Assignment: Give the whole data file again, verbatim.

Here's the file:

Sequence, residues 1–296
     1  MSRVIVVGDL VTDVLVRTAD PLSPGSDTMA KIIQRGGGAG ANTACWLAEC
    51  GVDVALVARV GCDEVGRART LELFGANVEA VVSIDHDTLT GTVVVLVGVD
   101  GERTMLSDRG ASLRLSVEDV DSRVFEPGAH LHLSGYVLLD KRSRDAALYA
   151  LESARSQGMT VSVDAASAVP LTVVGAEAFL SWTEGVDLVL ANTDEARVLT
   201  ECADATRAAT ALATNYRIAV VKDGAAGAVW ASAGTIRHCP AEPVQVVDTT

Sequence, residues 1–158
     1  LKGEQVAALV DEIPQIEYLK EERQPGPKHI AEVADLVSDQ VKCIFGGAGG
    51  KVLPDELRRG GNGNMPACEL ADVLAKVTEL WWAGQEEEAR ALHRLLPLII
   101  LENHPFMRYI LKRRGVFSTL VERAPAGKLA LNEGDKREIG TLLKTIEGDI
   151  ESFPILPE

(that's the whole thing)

Sequence, residues 1–296
     1  MSRVIVVGDL VTDVLVRTAD PLSPGSDTMA KIIQRGGGAG ANTACWLAEC
    51  GVDVALVARV GCDEVGRART LELFGANVEA VVSIDHDTLT GTVVVLVGVD
   101  GERTMLSDRG ASLRLSVEDV DSRVFEPGAH LHLSGYVLLD KRSRDAALYA
   151  LESARSQGMT VSVDAASAVP LTVVGAEAFL SWTEGVDLVL ANTDEARVLT
   201  ECADATRAAT ALATNYRIAV VKDGAAGAVW ASAGTIRHCP AEPVQVVDTT

Sequence, residues 1–158
     1  LKGEQVAALV DEIPQIEYLK EERQPGPKHI AEVADLVSDQ VKCIFGGAGG
    51  KVLPDELRRG GNGNMPACEL ADVLAKVTEL WWAGQEEEAR ALHRLLPLII
   101  LENHPFMRYI LKRRGVFSTL VERAPAGKLA LNEGDKREIG TLLKTIEGDI
   151  ESFPILPE